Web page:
Since 2011, nearly 900 luxury apartment units have been built in St. Louis Park, prompting some city officials to raise concerns about maintaining an affordable and diverse housing stock.

“The variety of housing being offered has been very narrow,” said City Council Member Anne Mavity. “The issue of affordability is huge. Most of the rent price points that we have been seeing are on the high end, and I want to make sure that we have affordability so folks working in regular middle-class jobs can afford to live in our community and in these newer developments.”

Recently built apartments in St. Louis Park include the Adagio, the Camerata and Harmony Vista in the Hoigaard Village development, the Ellipse (its sister building, E2, will open this summer), 36 Park and the Flats at West End, all of which feature luxury amenities and above-­average rent prices.

Despite the concerns, a report released May 1 by Marquette Advisors found that the average apartment rent in St. Louis Park rose just 1 percent over the past year, from $1,059 to $1,069 per month, while the vacancy rate fell from 3.4 percent to 3.0 percent.

Greenway Depot dilemma

During a presentation to the City Council on his proposed Greenway Depot development, Don Kasbohm of Main Street Cos. acknowledged that the market for high-end apartments in St. Louis Park may be overbuilt.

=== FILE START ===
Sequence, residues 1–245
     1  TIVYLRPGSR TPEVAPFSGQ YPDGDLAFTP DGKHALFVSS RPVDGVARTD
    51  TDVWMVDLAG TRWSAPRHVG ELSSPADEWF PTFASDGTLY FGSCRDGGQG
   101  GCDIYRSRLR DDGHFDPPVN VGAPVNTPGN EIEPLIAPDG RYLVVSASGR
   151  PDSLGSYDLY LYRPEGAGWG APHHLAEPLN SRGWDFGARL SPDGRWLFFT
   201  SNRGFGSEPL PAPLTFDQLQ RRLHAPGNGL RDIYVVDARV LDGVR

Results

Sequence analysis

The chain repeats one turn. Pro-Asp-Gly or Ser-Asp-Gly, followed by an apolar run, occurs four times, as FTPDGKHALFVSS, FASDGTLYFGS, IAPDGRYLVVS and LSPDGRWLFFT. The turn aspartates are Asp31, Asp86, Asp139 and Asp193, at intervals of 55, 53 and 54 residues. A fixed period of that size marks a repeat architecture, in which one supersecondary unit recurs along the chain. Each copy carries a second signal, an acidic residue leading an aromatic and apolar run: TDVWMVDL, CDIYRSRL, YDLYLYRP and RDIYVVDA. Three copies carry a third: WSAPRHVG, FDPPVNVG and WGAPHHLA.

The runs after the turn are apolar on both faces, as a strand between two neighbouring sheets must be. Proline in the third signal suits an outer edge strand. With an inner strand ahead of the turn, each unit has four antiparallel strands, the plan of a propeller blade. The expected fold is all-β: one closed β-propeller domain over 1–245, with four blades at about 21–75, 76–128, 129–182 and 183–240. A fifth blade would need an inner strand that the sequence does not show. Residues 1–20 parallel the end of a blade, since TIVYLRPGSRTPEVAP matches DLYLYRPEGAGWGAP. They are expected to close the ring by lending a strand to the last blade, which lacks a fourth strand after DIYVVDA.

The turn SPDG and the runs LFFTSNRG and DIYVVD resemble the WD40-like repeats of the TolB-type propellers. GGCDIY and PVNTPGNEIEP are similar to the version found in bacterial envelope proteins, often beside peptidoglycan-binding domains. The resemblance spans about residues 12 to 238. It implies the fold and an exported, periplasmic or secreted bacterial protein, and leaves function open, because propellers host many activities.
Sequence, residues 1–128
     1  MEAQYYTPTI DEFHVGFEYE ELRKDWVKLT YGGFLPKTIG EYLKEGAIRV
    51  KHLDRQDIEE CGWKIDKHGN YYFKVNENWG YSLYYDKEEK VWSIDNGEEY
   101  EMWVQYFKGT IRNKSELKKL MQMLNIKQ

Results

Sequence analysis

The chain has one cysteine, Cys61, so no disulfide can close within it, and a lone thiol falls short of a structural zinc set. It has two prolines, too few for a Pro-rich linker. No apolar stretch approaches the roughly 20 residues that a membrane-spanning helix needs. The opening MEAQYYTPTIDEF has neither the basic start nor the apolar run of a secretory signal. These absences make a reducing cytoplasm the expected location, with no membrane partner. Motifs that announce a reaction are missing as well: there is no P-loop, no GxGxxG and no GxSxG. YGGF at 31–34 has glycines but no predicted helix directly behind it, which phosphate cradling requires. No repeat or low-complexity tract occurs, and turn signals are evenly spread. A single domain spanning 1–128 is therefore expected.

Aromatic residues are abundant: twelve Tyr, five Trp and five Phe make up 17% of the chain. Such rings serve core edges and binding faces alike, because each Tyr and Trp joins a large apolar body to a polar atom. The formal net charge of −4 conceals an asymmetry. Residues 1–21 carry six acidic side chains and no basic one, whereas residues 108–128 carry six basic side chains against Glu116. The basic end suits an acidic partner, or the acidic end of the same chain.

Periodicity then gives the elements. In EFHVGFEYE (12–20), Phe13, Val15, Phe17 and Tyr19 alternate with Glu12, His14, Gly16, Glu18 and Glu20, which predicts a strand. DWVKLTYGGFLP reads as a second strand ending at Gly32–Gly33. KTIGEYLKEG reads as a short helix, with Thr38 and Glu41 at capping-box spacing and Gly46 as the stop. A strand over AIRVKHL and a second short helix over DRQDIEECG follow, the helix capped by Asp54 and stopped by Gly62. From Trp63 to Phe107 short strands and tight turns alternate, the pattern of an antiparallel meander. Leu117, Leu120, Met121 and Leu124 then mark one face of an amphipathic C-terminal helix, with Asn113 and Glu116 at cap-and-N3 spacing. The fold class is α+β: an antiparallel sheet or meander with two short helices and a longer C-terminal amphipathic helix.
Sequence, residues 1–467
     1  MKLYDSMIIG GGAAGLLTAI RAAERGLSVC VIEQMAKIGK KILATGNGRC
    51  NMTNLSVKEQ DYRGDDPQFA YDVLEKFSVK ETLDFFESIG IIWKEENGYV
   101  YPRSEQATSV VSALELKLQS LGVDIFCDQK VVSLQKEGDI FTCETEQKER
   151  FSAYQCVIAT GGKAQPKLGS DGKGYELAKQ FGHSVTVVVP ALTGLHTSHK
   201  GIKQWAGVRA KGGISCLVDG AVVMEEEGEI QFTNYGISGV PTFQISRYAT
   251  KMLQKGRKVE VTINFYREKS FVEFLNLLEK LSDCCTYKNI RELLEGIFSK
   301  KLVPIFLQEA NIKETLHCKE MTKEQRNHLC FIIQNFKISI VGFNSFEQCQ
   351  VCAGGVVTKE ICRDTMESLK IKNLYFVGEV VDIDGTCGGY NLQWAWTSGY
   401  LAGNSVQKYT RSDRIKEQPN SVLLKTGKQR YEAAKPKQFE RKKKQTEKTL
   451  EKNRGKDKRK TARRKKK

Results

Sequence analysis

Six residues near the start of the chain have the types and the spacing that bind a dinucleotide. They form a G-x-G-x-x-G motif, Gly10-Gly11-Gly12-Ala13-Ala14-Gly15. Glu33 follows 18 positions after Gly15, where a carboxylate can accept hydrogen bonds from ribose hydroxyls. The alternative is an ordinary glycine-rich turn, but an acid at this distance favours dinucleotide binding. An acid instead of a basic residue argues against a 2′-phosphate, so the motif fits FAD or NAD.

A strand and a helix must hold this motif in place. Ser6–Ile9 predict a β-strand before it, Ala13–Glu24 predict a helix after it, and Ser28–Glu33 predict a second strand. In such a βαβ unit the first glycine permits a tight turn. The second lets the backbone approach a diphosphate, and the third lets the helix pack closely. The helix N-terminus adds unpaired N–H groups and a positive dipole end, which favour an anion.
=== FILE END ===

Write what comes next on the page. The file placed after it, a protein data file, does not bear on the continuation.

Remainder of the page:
His development would add more than 100 apartments to the densely populated area around Hwy. 7 and Wooddale Avenue. But Kasbohm said he plans to rent the apartments at $1.65 per square foot, which is lower than most of the recently built apartment buildings in St. Louis Park.

He also said he plans to offer more two- and three-bedroom units, unlike the recent developments that have offered mostly one-bedroom and efficiency units, which has been a concern of the City Council.

Greenway Depot would be built at the site of the old McGarvey Coffee plant, next to the proposed Southwest Light Rail Wooddale station. It would provide the area with more of the high-density development officials want along the transit line. But some on the City Council worry that it could further snarl traffic in the already congested area.

“There’s already quite a bit of traffic congestion where the light-rail station would be, and more development and the light-rail station would just add to that,” said City Council Member Susan Sanger. “I’m also concerned that we may not ... be able to fill additional apartment buildings.”

The City Council recommended that the Greenway Depot proposal undergo further refinement as more information on the Wooddale station becomes available.

Changing demographics

Aging baby boomers downsizing and young professionals’ reluctance to purchase a home in the suburbs have been cited as reasons for the apartment boom in Minneapolis. That apartment building spree now has spread to St. Louis Park, an inner-ring suburb.

“The population ... ­living in rental units seems to be changing, and so that also means that there is more civic engagement from renters in our community,” said Sanger.

Despite concerns, city staffers and City Council members indicated that for the time being, they will allow the market to dictate the type of dwellings built in St. Louis Park.

“There is a lot of [higher-end rentals] being built right now; whether or not it is overbuilt I don’t know. But that is what the market is supporting right now,” said Michele Schnitker, housing supervisor for St. Louis Park.